Why The IRS Doesn’t Deserve A Bigger Budget

Alexander Hendrie Americans for Tax Reform
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The IRS is pleading poverty. Commissioner John Koskinen claims that under current funding levels, the agency will be forced to not answer the phone, to send out refunds more slowly, and to even shut down for several days over the coming year.

The agency says it is “struggling to keep the lights on,” however its record of allocating taxpayer resources has ranged from poor to abysmal. According to the recently released National Taxpayer Advocate’s Annual Report to Congress, the IRS has failed to properly prioritize past budget decisions. As the report states:

“The IRS lacks a principled basis for making the difficult resource allocation decisions necessitated by today’s tight budget environment.”

This has not stopped the IRS from asking Congress for almost $2 billion in new funding. But lack of money is not the reason for the agency’s current predicament. The IRS has never bothered to use available data to evaluate the merits of spending decisions. As the report explains:

“While IRS collected some data that it could use to evaluate effectiveness, it did not develop plans to analyze the data or track it in a way that would allow officials to draw causal connections and develop valid conclusions about the effectiveness of its 2014 service changes.”

Despite these findings, the IRS continues to claim it has spent its funding efficiently. In congressional testimony early this month, Koskinen said, “The IRS has for several years been working hard to reduce costs and find efficiencies in our operations.”

The NTA and the Treasury Inspector General for Tax Administration disagree. The IRS has not even attempted to properly ensure that scarce taxpayer funds are allocated effectively and is unable to justify its decisions. As the report notes:

 “the IRS has come under scrutiny by external oversight organizations who have questioned the IRS’s rationale for its budget decisions. They have not been satisfied with the IRS’s response to their inquiries.”

The IRS failed to properly prioritize funding even when budgetary pressure did not exist. In 1998, Congress passed legislation requiring the IRS compile annual reports on ways to reduce the complexity of the tax code, using data that is available only to the agency. However, the agency has not produced a single report on tax complexity since 2002, even though its refusal to do so means it is breaking the law.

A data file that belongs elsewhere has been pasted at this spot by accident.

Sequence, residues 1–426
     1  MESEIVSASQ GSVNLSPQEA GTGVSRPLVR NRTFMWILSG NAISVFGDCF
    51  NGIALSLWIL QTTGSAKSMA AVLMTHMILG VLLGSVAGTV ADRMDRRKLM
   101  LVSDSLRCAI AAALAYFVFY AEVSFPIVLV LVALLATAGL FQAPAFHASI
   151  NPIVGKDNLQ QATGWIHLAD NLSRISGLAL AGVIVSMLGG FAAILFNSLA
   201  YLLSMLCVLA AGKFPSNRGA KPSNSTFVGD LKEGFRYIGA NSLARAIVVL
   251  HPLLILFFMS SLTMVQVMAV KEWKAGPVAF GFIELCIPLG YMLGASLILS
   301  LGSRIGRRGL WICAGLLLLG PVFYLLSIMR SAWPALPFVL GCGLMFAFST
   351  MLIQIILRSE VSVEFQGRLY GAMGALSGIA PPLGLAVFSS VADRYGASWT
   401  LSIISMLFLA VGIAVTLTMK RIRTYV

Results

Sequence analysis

When asked by the NTA to explain why these reports have not been compiled, the IRS said it would require “about two full time employees working for about a year” to produce the report. The IRS has 82,982 full time employees, so it is hard to believe that the agency cannot find two employees to carry out this important work.

In fact, the agency’s refusal to produce these reports is making its own job much more difficult. The two years that the agency produced these reports — 2000 and 2002 — helped the IRS and Congress to “identify and address key problem areas.” The cost of producing these reports is negligible compared to the money that would be saved from making the tax code less complex. As the report states:

“While the IRS would need to spend some resources to produce the complexity report, these costs pale in comparison to the costs of complexity. Moreover, if they prompt a reduction in tax complexity, the reports might ultimately help the IRS do its job and reduce the cost of administering the tax code.”

If that were not bad enough, Koskinen admitted last week that the IRS still has applications in use from when John F. Kennedy was president, 52 years ago. Moreover, the programming language the IRS uses – COBOL – was considered outdated in 2000 and today “it is extremely difficult to find IT experts who are versed in this language.”

While the IRS claims its funding is dangerously low, an analysis by Cato Institute economist Dan Mitchell, shows the IRS’s budget has doubled in the past 30 years, even after adjusting for inflation. Although its funding has declined since 2010, current funding remains higher than mid 2000s levels. Given the agency’s history of inept spending choices, it should not even think about asking for any more taxpayer dollars until it can properly justify its spending.

With several major Obamacare taxes including the employer mandate and individual mandate set to kick in this year, the current tax season will be one of the most chaotic ever. The agency’s poor performance and endless excuses do not inspire confidence.

Alexander Hendrie is a Federal Affairs Associate at Americans for Tax Reform and its affiliate, Property Rights Alliance (PRA). He focuses on tax, fiscal and, trade policy issues. At PRA he works to advocate for the protection of physical and intellectual property rights, both domestically and internationally.